As parents, we’ve all been there—our once sweet, innocent child suddenly morphs into a moody, eye-rolling, door-slamming teenager, and we’re left wondering what on earth just happened.
Welcome to the turbulent world of adolescence, when hormones, social pressures, and emotional growth collide, leading to a rollercoaster of emotions and behaviors.
When their teen reaches adolescence, parents have to endure moments of uncertainty that can feel like walking through a dense forest. Red flags, however, can serve as our compass, guiding us toward early intervention and even professional help if necessary.
Here are some major warning signs that may indicate a problem in a teen.
- Drop in academic performance
- Excessive isolation
- Disruption in sleep patterns
- Lose interest in social activities or extracurricular activities once enjoyed
- Mood swings or excessive moodiness
- Irritability from time to time
- Aggressive behaviors
- Excessive anger
- Excessive risk-taking behaviors
- Unusual rebellious behavior
- Secretive behavior
- Avoidance behaviors
- Social isolation
- Extreme weight loss or dramatic weight gain
- A lack of personal hygiene
- Impulsive behavior
- Loss of appetite
- Feelings of worthlessness or hopelessness
- Covering up arms in the summer
- Excessive weight concerns
- Extreme dieting
- Delinquent behavior
- Risky sexual behavior
Every warning sign can have a number of causes. Therefore, do not jump to conclusions after observing one behavior.
An isolated red flag might be a mere coincidence. Some behaviors may also be considered typical teen behavior. For instance, common mood swings are normal behavior, but extreme mood shifts are not.
Excessive red flag behaviors or multiple ones often indicate that the teen is grappling with issues or challenges.
Here are some common signs of depression in teens1.
- Excessive sleeping or insomnia
- Become uninterested in once enjoyable activities
- Appetite loss
- Lack of engagement with life
- Feelings of guilt or worthlessness
- Chronic low in mood
- Isolation from family members or stop spending time with friends
General anxiety disorder and other mental health disorders may show similar symptoms. Therefore, if you observe these behaviors, it is important to seek help from mental health professionals.
Self-injurious or self-destructive behavior is direct and deliberate bodily harm without suicidal intent. Self-injury typically involves cutting or carving the skin to decrease negative emotions or as a cry for help2.
Some common warning signs include
- Unexplained wounds or scars, often in patterns
- Hiding the skin, such as wearing long sleeves on a hot summer day
- Being alone in the bathroom or bedroom for a long period
- Sharp objects such as knives or razor blades hidden in possession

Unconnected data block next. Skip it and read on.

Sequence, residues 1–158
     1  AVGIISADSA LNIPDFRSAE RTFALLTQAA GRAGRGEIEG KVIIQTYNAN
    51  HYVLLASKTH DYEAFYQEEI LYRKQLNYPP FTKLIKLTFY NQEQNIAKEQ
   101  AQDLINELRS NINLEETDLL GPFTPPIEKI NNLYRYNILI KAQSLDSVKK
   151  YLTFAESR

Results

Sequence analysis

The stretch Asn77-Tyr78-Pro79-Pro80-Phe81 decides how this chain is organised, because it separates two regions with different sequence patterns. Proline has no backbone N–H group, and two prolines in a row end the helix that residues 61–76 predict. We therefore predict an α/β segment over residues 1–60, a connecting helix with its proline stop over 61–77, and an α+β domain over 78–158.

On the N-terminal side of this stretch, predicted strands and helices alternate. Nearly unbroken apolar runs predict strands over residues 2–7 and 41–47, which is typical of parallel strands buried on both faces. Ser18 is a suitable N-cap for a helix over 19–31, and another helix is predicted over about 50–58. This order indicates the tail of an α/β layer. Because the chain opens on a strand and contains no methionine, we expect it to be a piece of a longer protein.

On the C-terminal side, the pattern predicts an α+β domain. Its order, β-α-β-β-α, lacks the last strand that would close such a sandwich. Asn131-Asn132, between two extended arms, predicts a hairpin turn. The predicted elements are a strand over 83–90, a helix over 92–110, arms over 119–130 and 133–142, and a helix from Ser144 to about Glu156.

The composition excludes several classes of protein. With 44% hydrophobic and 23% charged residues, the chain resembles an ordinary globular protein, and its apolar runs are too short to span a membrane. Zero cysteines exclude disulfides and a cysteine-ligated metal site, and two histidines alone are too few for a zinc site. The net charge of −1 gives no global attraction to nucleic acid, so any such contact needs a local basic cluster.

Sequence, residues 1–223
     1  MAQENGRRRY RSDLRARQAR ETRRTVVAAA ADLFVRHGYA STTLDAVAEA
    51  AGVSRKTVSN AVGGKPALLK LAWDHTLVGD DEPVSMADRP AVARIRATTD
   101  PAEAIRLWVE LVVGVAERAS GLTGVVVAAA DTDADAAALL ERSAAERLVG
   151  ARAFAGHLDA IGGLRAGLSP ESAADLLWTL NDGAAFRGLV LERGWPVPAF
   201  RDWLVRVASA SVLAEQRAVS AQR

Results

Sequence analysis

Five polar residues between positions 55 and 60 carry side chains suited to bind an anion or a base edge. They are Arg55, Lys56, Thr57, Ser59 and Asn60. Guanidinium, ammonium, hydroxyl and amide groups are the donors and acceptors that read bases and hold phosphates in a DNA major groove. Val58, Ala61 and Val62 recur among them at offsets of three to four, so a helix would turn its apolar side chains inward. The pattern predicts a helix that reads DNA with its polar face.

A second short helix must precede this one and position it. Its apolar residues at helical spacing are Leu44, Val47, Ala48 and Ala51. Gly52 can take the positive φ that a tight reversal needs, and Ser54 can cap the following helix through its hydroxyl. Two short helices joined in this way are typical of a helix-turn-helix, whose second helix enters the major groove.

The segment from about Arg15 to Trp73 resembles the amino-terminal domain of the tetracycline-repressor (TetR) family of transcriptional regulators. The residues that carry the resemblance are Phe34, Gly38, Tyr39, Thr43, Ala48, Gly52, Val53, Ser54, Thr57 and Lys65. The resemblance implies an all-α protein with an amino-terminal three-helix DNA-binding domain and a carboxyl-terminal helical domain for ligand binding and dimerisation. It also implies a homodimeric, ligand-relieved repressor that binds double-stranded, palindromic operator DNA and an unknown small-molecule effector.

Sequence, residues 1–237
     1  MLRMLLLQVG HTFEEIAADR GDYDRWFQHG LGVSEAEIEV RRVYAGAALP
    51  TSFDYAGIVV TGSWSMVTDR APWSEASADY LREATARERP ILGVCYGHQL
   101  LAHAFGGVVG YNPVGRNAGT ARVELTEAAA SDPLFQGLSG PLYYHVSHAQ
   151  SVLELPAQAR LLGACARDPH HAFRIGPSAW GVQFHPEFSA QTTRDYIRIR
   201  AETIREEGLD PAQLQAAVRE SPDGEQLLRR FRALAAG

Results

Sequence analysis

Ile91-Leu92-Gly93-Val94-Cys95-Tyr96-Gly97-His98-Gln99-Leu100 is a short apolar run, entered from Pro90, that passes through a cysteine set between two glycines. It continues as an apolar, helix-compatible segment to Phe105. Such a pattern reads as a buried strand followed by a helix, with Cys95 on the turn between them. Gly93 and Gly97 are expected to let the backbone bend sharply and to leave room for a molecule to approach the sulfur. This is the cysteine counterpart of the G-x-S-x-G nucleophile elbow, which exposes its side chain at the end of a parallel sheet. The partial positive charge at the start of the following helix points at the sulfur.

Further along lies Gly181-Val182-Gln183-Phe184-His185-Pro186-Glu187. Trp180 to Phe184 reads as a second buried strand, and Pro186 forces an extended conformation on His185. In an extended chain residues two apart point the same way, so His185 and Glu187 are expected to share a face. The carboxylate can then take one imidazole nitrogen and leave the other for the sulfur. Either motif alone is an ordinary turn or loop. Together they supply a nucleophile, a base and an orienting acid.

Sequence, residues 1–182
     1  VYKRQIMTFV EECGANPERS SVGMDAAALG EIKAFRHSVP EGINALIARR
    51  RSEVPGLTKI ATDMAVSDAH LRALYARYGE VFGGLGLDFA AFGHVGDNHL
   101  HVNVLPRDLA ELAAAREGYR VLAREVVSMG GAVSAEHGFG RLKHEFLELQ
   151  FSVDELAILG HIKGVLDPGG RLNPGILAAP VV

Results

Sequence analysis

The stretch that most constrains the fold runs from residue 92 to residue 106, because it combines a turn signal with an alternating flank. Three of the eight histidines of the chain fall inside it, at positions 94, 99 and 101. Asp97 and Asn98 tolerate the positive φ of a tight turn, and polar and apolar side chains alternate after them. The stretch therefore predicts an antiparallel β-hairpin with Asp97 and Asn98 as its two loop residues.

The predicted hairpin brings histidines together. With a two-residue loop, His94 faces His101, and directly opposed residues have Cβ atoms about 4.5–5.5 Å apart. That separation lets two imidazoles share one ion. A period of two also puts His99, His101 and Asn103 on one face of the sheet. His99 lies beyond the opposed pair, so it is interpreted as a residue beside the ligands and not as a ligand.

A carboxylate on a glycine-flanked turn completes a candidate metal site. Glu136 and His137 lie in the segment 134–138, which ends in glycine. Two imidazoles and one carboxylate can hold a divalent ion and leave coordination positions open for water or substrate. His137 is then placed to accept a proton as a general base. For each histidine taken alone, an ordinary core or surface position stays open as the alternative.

- Frequent accidental injuries
- Feelings of helplessness or hopelessness
Self-harm is one of the symptoms of mental illness, such as borderline personality disorder3.
It is also associated with adolescent sexual and physical abuse. Seek mental health counseling immediately if you notice these behaviors in your teen4.
Considerable weight loss is a common sign of eating disorders such as anorexia nervosa and bulimia nervosa.
Major signs of eating disorders are
- Obsessive weight measuring or calorie counting
- Patterns of weight loss
- Intense fear of gaining weight
- Negative body image
Many teenage girls are concerned about being overweight and may diet inappropriately. However, this is a common behavior for adolescents, and most do not have an eating disorder5.
Don’t hesitate to speak to your family health practitioner if you have any doubts.
Youth abuse of drugs and alcohol is prevalent in the US, and most abuse begins during adolescence6.
Substance abuse and mental health conditions often co-occur.
The ability of parents to recognize these red flag signs is important so that early intervention for substance abuse can be sought.
- Red face, bloodshot eyes, or breath odors of alcohol7
- Lack of personal hygiene
- Extreme rage or mood swings
- In possession of illegal drug
- Difficulty focusing in school or completing assignments
- Secretive behavior, such as hiding in the bathroom or bedroom for long periods of time
- Signs of depression, bipolar disorder, or general anxiety disorder8
Also See: Coping Skills for Teens
- 1.Fava M, Kendler KS. Major Depressive Disorder. Neuron. Published online November 2000:335-341. doi:10.1016/s0896-6273(00)00112-4
- 2.Nock MK. Self-Injury. Annu Rev Clin Psychol. Published online March 1, 2010:339-363. doi:10.1146/annurev.clinpsy.121208.131258
- 3.Hodgson S. Cutting through the Silence: A Sociological Construction of Self-Injury. Sociological Inquiry. Published online May 2004:162-179. doi:10.1111/j.1475-682x.2004.00085.x
- 4.Hawton K, Saunders KE, O’Connor RC. Self-harm and suicide in adolescents. The Lancet. Published online June 2012:2373-2382. doi:10.1016/s0140-6736(12)60322-5
- 5.Rosen DS. Identification and Management of Eating Disorders in Children and Adolescents. Pediatrics. Published online December 1, 2010:1240-1253. doi:10.1542/peds.2010-2821
- 6.Burstein M. Use and Abuse of Alcohol and Illicit Drugs in US Adolescents. Arch Gen Psychiatry. Published online April 1, 2012:390. doi:10.1001/archgenpsychiatry.2011.1503
- 7.Saini G, Prabhat K, Gupta N. Drug addiction and periodontal diseases. J Indian Soc Periodontol. Published online 2013:587. doi:10.4103/0972-124x.119277
- 8.Simon NM. Generalized Anxiety Disorder and Psychiatric Comorbidities Such as Depression, Bipolar Disorder, and Substance Abuse. J Clin Psychiatry. Published online April 2009:10-14. doi:10.4088/jcp.s.7002.02